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    (Original post by T kay)
    That isn't the work experience I had in mind. By all means go on them schemes, but actual work experience in a firm or industry isn't essential. Won't do no harm sure but it's not life or death.

    And please, there's plenty of ways to show your enthusiasm for engineering than merely writing you did a week placement at some place.
    What if you can't get onto those schemes etc?
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    (Original post by im so academic)
    What if you can't get onto those schemes etc?
    I realise why you get so much neg rep.
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    You don't have experience that other people have so you'll have to make up for it with by means. You need some other way of demonstrating the keenness that such schemes would show. Doing lots of reading might be one way, so you can show that you've taken the time to read up on the issues in your chosen engineering area.
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    So, does this mean that most people applying to the unis I am will go in with previous work experience or having done these taster courses? Does it really leave me with a serious disadvantage?

    Besides Headstart and the EES (which it seems I am too late for anyway, seeing as I am applying for entry in 2010), are there any other things you would recommend?

    Is going to university lectures and subject talks useful?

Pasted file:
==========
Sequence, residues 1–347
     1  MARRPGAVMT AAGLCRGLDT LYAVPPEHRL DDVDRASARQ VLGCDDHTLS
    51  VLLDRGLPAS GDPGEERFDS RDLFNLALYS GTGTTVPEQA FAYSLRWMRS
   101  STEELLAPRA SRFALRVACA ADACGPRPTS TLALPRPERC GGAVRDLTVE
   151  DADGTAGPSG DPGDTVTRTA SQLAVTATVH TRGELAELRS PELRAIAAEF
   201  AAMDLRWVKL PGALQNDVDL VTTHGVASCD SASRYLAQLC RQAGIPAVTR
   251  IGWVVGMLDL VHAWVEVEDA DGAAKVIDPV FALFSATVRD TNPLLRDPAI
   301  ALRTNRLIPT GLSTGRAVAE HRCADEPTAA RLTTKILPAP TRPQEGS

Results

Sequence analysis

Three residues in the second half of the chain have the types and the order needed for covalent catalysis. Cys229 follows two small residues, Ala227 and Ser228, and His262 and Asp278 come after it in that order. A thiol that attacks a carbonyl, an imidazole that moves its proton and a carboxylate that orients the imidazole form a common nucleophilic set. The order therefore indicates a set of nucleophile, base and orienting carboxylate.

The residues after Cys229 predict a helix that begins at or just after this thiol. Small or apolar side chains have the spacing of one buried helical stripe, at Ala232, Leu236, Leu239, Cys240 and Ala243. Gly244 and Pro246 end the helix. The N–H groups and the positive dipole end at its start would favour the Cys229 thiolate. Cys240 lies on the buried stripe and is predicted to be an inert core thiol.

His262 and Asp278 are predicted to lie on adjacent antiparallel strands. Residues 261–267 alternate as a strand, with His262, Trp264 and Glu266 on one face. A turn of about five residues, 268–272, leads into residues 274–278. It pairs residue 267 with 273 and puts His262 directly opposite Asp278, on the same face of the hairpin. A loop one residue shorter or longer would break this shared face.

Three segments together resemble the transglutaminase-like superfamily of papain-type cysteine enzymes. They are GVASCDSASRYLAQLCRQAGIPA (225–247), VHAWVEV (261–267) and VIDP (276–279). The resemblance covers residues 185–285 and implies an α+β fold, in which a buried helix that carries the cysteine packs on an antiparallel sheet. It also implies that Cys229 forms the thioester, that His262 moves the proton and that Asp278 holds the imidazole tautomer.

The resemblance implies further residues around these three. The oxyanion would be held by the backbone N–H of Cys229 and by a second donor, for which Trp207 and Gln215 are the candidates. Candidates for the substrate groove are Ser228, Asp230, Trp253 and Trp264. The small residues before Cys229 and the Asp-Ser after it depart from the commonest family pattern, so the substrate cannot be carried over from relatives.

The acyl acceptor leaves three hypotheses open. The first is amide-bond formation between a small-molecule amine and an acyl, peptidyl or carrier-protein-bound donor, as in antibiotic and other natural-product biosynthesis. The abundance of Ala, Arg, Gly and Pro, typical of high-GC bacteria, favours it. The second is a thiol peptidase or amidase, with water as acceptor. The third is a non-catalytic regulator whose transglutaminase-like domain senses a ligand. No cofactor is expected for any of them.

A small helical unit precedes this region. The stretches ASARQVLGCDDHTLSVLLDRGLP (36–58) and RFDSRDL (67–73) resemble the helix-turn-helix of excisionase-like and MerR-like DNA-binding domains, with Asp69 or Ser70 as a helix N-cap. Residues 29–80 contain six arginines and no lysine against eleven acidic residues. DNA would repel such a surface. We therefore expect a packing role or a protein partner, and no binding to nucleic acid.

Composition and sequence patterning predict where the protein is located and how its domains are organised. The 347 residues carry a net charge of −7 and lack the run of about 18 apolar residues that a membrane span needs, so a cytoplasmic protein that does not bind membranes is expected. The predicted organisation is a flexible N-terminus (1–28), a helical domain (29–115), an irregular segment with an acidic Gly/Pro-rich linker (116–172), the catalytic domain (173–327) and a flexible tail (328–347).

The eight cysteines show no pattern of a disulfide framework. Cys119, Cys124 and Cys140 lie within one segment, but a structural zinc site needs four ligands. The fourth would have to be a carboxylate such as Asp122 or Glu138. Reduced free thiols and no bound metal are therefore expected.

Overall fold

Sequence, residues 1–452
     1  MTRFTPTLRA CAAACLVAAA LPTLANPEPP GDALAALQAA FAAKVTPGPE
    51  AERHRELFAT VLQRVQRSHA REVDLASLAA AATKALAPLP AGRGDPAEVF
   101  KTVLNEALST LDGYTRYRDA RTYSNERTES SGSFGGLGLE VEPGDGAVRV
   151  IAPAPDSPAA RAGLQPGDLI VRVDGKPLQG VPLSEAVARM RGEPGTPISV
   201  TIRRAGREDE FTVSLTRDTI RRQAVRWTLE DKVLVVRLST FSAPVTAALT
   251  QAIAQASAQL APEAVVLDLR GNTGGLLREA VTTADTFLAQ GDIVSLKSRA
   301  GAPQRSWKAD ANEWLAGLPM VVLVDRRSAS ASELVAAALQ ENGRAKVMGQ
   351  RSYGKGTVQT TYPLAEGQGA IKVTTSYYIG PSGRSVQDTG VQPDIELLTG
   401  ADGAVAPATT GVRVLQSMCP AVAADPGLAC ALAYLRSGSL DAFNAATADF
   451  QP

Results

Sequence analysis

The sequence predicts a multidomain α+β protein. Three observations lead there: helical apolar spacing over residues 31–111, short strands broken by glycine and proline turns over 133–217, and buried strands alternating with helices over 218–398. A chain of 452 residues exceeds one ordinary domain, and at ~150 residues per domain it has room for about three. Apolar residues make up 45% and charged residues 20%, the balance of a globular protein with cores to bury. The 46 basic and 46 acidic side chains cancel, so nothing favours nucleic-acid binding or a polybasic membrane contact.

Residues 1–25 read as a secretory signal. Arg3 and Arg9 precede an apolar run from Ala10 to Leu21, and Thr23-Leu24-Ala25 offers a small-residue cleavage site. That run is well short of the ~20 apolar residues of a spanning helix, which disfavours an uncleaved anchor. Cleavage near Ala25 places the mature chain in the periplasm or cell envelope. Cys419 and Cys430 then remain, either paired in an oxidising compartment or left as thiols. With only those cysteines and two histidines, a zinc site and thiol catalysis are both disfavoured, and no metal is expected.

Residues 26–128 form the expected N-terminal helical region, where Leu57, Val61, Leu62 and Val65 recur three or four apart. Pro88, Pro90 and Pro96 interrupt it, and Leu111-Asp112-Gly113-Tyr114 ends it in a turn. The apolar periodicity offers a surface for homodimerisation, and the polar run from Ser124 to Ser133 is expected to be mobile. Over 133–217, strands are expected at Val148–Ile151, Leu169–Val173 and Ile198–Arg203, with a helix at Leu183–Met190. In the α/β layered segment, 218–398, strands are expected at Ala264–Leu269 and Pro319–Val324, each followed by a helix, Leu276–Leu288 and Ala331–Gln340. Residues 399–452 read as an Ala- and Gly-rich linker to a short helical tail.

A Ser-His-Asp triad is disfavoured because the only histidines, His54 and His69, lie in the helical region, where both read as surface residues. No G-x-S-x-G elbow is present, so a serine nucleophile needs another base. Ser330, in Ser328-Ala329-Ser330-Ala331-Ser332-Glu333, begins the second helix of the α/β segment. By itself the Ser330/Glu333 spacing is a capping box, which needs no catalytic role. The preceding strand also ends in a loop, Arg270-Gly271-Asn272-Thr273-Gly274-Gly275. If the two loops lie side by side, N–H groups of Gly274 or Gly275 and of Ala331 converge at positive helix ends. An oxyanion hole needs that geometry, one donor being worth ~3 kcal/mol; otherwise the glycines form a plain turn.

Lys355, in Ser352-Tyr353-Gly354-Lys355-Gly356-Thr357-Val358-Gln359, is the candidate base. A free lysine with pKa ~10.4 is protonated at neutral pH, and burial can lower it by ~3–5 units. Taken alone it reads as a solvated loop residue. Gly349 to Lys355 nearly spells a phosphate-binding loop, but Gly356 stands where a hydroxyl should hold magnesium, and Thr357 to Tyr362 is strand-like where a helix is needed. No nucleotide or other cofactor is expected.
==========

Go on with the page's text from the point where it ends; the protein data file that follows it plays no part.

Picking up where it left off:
Thanks for your input guys. I'm sorry if I come off as a bit nervous.
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    engineering does not require any work experience at all to get onto. It is actually one of the easier courses to get an offer for at the top universities (comparatively speaking): I'm at a university that's one of the top overall and for engineering and the engineers are less bright and tend to have worse grads than the mathematicians/ physicists/ chemists/ economists etc at A level and the degree seems to reflect that: it's not an easy degree by any stretch of the imagination, but because so few people study the A levels required for it and a lot of them go for other subjects e.g. natsci/ compsci/ econ/ maths/ physics etc instead for some ,engineering courses can be easier to get onto at top universities which are also top for it and entry standards can be lowered to accommodate you if you (just about) fail to get the grades at A level, although that is probably unlikely with Cambridge and Imperial, but I've heard it happening at several other top universities which do not do it anywhere near as much/ at all for the other subjects that I've mentioned.